Loree Griffin Burns and her friend Kelley Gillespie opened a lending library filled with Nancy Drew mysteries. They pasted a library card in each book and changed the numbers on their stamp to reflect the new due date. “We didn’t have as many patrons as we would have liked,” Burns says. “We strong-armed siblings into borrowing.” Next Burns and Kelley established the G & G Detective Agency. “We were into sleuthing,” she quips, but she admits they spent more time finding mysteries than actually solving them.
Burns was always “a sucker for a good story. That’s still definitely a part of who I am. Part of the reason I’m so passionate about telling stories is because of how important stories were in my childhood.” As a kid, she never would have guessed that she would become a celebrated author of dramatic nonfiction stories with science as the central focus.
Although research science defined Burns’ professional life, she also wrote fiction, personal essays and haiku for literary magazines in her free time. She even anticipated writing a novel one day. A 2003 article on oceanographer Curt Ebbesmeyer changed the path of her writing life. “Ebbesmeyer studies surface currents in the world ocean by tracking debris that falls into it, including 28,000 plastic bathtub duckies,” Burns says. The article was a revelation because for the first time she considered pulling children into the world of science through stories of actual scientific adventures. Ebbesmeyer’s story became Tracking Trash: Flotsam, Jetsam, and the Science of Ocean Motion, part of Houghton Mifflin Harcourt’s Scientists in the Field series.
Burns takes inspiration from the outdoors. “So many of my ideas come from things I see outside that I don’t understand. I always give myself the time to look into it. Very often those [observations] turn into books because what I found out is really cool and if I wondered about it probably someone else will.”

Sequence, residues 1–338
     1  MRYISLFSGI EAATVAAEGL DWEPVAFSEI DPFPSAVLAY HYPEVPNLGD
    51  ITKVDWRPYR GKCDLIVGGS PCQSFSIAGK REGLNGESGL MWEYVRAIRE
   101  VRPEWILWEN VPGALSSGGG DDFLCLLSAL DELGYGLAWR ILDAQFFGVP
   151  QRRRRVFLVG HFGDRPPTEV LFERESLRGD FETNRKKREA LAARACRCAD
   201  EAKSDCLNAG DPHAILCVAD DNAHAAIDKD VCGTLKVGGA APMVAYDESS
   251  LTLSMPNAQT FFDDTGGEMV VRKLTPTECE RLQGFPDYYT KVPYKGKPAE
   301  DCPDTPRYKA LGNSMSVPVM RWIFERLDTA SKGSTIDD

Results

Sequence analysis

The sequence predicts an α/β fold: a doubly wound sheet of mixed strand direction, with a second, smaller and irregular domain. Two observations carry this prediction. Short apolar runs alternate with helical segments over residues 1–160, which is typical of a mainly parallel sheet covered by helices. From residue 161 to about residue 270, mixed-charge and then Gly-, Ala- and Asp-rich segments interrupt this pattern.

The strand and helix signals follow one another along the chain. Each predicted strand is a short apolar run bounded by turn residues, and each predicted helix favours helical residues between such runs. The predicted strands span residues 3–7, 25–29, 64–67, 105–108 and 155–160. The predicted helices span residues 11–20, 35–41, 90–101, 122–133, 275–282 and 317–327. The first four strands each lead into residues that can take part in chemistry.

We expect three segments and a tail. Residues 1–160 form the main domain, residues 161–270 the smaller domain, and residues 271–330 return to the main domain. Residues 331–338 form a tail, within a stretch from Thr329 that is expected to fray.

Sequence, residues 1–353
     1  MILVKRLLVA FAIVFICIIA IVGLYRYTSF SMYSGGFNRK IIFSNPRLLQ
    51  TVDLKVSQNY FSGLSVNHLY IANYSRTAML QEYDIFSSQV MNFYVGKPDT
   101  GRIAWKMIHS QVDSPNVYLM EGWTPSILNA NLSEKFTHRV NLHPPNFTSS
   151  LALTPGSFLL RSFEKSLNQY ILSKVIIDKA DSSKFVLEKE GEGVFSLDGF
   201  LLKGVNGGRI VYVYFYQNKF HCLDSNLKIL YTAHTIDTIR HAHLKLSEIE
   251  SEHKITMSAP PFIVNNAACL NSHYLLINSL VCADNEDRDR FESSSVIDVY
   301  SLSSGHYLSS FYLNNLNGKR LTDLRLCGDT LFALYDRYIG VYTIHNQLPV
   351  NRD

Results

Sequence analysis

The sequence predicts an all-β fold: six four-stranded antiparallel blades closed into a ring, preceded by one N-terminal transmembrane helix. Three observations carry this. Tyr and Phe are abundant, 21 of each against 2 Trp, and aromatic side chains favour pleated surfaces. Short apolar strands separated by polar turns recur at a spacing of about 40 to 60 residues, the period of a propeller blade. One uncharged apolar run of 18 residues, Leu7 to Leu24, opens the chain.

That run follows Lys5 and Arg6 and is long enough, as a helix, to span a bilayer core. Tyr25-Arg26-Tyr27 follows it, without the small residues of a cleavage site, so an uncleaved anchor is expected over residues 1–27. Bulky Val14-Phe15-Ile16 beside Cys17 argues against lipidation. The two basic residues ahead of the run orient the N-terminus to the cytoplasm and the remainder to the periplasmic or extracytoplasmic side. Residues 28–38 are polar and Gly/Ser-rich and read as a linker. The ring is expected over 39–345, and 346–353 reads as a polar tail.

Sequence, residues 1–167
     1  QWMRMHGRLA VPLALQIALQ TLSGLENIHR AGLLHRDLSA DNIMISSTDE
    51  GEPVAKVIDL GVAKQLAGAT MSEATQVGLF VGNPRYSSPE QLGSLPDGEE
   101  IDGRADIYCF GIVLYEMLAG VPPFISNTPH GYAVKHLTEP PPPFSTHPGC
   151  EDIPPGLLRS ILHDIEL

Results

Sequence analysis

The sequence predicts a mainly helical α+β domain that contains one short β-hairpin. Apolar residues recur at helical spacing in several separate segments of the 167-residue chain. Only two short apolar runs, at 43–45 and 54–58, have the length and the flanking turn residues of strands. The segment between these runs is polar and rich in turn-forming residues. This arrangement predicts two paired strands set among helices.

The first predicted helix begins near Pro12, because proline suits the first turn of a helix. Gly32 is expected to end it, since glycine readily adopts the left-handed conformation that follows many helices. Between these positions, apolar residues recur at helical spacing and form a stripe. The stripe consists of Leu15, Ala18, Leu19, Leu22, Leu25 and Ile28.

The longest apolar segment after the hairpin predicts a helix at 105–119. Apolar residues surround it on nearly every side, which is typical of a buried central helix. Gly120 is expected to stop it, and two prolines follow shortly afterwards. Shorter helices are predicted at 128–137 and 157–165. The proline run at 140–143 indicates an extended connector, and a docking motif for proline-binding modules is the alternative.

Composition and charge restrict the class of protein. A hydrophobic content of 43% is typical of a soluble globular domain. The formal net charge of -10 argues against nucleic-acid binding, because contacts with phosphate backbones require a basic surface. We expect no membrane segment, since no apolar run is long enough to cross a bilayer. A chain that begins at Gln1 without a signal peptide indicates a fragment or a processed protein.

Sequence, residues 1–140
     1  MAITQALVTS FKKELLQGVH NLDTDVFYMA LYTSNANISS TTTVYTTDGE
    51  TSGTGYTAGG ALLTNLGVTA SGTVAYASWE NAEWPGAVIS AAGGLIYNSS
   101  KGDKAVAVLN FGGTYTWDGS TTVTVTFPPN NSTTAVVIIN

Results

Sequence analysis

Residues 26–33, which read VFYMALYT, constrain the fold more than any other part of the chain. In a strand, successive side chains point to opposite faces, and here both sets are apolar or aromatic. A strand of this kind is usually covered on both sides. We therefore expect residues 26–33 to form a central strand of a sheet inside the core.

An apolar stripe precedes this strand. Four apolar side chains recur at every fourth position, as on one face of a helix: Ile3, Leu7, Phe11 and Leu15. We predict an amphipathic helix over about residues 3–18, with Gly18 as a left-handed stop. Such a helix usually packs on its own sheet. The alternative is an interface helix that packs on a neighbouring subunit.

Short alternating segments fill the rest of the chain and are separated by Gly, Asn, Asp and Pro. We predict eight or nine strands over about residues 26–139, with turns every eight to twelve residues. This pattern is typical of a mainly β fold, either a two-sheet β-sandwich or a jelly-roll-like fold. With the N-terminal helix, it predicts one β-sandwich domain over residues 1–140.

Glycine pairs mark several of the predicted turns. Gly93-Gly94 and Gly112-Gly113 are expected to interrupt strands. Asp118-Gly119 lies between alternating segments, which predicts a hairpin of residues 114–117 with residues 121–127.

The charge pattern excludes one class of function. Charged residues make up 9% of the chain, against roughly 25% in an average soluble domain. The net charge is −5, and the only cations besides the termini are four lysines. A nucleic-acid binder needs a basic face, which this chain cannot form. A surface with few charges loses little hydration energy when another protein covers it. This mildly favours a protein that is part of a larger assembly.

For instance, her newest title, Beetle Busters: A Rogue Insect and the People Who Track It, came from a report that trees in her central Massachusetts hometown were infested with Asian longhorn beetles. The beetles were native to China and had hitchhiked to the U.S. twenty years ago. Because they have no natural predators they have become established pests. To eradicate the beetles, trees are felled and chipped into tiny pieces. Burns had to find out more because she worried about her trees.
In another example, Burns and her family visited the Butterfly Garden at the Museum of Science in Boston. She learned that the butterflies that stock the garden are not allowed to breed, but come from a butterfly farm in Costa Rica. The pupae are imported, special delivery, and allowed to emerge as butterflies. When Burns wandered the garden with her kids, she saw butterflies mating “illegally” and asked the docent about it. Before she knew it, Burns had packed a bag and booked a flight to Costa Rica to find out more. “I give myself the gift of time to ask questions and look into the story. So often [my questions] lead to fun books. But my kids get so exasperated because they see me get to that point where I’m starting to ask questions and they roll their eyes and say, ‘We’re not going to get out of here any time soon. ’”
In an upcoming release for teen readers, Burns trades the outdoors for the world of the microscope and molecular biology. Her topic is the story of the discovery of the structure of DNA. “My research in graduate school was on understanding the regulation of gene expression.” In her doctoral thesis, she isolated DNA from eukaryotic cells, cut it, pasted it in another location, and studied the changes. “The DNA book is so interesting to me because I have a lot of experience in that kind of work.”
The Burns household is a busy one with three school-age children, a husband, seven hens, and a hive of 60,000 honeybees (acquired after Burns wrote Hive Detectives: Chronicle of a Honey Bee Catastrophe). On a good day, Burns rises before everyone else and with a cup of tea, spends an hour alone in her office. “A lot of the work [I do] is not putting words on paper. At least half the time is researching and organizing my thoughts. How I’m going to pull this [project] all together. It took me a long time to give myself credit for that work.”
Burns is driven to combine the drama and excitement of science into a broader understanding for her readers. “I don’t necessarily write for kids. I write for the people who are interested in what I’m interested in.”